The astute reader may notice that if the entire PA edge is Neumann and there are no electrodes inside to constrain the volume to particular voltage (i.e. the entire PA is empty), then the potential inside the entire PA will be some unknown constant \phi = C, but the field will be zero everywhere (since \v{E} = -\grad \phi = 0). If all points in the array are non-electrode points of a certain voltage, they will remain unchanged upon Refine. Yes, occasionally empty PA’s are in fact useful.

Why a boundary with holes might still be considered closed: Technically, we can’t ignore the treatment of the boundary conditions outside the cylinder (Figure 1a) when solving the potentials within the cylinder because of the small holes in the boundary that allow fields outside the cylinder to leak inside. However, it happens to be the case that the potentials along these gaps are fairly well defined regardless what the fields may be outside. So, to some extent the outside doesn’t matter. The potentials within the gaps must vary continuously from +10 V to -10 V along a small distance, so this fairly well constrains what the potentials are in this region regardless of what is outside. In fact, we observe in Figure 1a that the potentials within the cylinder are nearly symmetric between left and right sides despite the fact that the fields are not symmetric outside due to the additional electrode on the right. The gaps between the +-10V electrodes could even be filled with electrode points (Dirichlet conditions) that vary linearly (which is only an approximation) from +10 V to -10 V, and this will barely distort the field inside. In this case, we see that a nearly equivalent system is closed, so the first uniqueness theorem will largely still apply to the inside of the cylinder despite the gaps.

Treatment of boundaries on PA edges: In Figure 1a, the validity of the Neumann condition near the PA edge is questionable and generally wrong. You see the potential contours touch the boundary at 90 degree angles (as required by the Neumann boundary condition), and their exact shape will depend on the position of the PA boundary. Fortunately this might be a region we don’t care much about, but it still might leak through the gaps to some degree. It may be more realistic to enclose the cylinder with a large (nearly infinite size) sphere of 0 V, as shown in Figure 1b. This certainly does alter the potentials outside of the cylinder, but the potentials inside the cylindrical are largely unaffected except to a small extent near the gaps. Even the potentials between the cylinder and surrounding electrode on the right are largely unaffected except to a small extent on the open end. This gives us greater confidence that the uncertainty about the boundary may not be that important.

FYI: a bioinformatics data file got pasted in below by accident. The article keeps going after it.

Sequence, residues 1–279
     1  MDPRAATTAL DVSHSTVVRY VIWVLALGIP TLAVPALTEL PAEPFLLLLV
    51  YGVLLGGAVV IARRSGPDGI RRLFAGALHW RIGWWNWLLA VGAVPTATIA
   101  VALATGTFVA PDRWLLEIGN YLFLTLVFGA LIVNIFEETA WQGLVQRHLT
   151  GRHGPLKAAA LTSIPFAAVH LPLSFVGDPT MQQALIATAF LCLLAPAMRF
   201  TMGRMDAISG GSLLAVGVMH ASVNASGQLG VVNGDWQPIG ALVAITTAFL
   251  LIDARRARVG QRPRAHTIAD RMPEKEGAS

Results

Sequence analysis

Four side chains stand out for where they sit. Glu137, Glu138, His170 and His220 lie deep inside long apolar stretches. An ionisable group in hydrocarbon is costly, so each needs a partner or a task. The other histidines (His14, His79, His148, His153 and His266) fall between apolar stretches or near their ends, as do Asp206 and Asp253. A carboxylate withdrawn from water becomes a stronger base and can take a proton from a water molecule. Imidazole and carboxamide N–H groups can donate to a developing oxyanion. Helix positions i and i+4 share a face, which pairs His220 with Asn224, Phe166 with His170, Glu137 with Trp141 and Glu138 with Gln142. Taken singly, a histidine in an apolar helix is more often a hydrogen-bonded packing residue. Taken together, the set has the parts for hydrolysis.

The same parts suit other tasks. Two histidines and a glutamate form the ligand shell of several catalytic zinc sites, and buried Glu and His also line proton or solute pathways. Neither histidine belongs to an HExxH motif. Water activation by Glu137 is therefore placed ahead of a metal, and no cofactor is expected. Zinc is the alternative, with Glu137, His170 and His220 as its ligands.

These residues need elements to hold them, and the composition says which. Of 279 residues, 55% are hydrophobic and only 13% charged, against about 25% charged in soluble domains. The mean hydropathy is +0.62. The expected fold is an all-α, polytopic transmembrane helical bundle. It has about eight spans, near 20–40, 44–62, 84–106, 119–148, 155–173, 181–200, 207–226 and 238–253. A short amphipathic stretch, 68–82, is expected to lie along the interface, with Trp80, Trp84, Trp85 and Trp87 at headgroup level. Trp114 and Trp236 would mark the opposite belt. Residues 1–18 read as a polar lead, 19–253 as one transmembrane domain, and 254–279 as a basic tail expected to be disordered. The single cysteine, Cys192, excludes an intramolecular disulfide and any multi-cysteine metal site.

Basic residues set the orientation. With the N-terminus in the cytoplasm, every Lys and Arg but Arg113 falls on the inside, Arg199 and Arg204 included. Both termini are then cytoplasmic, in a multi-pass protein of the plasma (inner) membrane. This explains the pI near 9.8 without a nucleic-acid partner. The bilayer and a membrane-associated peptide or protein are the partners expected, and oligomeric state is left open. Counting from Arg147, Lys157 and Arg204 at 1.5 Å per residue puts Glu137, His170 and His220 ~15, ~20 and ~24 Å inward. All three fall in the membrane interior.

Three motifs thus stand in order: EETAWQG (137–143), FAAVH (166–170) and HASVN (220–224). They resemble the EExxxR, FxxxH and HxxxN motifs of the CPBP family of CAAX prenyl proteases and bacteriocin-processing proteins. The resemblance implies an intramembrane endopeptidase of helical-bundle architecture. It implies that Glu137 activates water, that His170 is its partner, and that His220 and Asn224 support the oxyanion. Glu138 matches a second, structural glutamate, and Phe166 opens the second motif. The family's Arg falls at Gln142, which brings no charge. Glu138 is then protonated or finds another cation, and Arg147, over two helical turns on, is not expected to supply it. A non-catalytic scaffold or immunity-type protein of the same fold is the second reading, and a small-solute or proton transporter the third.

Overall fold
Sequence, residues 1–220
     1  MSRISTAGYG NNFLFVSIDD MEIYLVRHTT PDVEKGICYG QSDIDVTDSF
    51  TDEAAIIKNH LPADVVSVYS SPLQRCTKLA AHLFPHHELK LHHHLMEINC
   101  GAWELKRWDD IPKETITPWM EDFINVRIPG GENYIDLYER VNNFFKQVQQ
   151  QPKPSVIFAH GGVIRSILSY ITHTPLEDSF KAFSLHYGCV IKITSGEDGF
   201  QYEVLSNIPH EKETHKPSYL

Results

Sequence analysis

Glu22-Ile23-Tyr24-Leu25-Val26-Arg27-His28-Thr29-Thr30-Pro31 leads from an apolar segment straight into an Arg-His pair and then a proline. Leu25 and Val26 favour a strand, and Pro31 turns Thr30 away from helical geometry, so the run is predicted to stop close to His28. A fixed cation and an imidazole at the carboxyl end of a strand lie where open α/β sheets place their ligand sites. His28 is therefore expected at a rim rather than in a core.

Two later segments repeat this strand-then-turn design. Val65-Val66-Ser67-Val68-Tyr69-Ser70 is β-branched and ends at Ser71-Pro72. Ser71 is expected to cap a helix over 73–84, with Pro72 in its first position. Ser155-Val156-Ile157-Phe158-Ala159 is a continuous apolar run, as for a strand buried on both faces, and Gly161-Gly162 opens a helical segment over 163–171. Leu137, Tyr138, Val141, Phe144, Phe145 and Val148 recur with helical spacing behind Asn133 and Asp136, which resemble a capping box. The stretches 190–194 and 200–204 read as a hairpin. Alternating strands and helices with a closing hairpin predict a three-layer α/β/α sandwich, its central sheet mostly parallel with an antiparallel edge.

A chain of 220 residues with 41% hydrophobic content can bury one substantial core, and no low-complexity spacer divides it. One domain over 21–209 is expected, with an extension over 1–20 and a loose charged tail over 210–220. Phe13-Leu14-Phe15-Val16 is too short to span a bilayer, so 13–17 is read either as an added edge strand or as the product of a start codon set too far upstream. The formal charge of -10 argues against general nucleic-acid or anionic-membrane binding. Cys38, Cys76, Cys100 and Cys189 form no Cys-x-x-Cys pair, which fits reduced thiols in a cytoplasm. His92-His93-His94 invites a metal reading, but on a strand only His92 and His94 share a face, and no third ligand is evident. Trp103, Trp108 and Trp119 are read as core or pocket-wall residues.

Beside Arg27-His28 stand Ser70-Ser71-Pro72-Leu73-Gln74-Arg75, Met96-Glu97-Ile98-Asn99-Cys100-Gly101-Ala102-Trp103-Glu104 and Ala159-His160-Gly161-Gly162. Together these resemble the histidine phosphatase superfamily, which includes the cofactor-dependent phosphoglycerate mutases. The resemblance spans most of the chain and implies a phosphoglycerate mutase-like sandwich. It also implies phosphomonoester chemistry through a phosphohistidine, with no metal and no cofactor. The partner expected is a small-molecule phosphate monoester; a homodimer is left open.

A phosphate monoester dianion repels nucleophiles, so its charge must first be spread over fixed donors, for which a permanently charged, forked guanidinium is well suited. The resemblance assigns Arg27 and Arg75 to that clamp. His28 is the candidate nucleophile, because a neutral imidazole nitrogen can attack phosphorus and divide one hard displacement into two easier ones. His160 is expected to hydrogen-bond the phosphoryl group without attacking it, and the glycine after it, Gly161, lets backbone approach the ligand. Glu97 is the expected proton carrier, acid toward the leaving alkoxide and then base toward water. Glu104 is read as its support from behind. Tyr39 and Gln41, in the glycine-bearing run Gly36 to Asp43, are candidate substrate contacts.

The ground chamber: Note further that an infinite grounded sphere is itself only an approximation of the reality of the electrostatic environment around your system, and this environment might not be known. In order to address this and other issues, most particle optics devices are placed inside a Ground Chamber, which is a closed (or nearly closed) grounded metal surface around your system. For compactness, the ground chamber is typically fairly close to your system (unlike the large infinite sphere) though not so close to significantly distort fields in the inner volume of interest. It may look like the right 0 V electrode in Figure 1a but extended to enclose the left side as well. As we’ve seen above, the exact shape of the ground chamber may or may not be important, but since it is small and potentially affects the fields, it is often easy and desirable to include the ground chamber in your simulation. The ground chamber forms a complete or nearly complete Dirichlet boundary, ensuring the fields within the chamber are uniquely determined by the first uniqueness theorem. The ground chamber (ground can) is also mentioned on p. 6-4/6-3 of the SIMION 7.0-8.0 SIMION User Manual. It’s basically a Faraday cage (Wikipedia:Faraday_cage).

Use of empty space on PA edges: If you have no ground can, it can be recommended to at least include some empty surrounding space in your PA to allow fringe fields to be more realistic. Observe Figure 1c, which is the PA in Figure 1a but has been tightly cropped so that no surrounding space has been included in the array. Observe that fields surrounding the gap are more distorted compared to what is seen in both Figures 1a and 1b because this is artificially imposing an (unrealistic) Neumann condition right at the gap location.

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Figure 2a: 2V circular electrode enclosed entirely with Neumann boundaries on the PA edges. All potentials are calculated as 2V, which is probably not desired.

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Figure 2b: 2V circular electrode enclosed with 1V circular Dirichlet boundary. All potentials are calculate between 1-2V as expected. Potentials in the ignored outside area are 1V due to Neumann boundaries on the PA edges.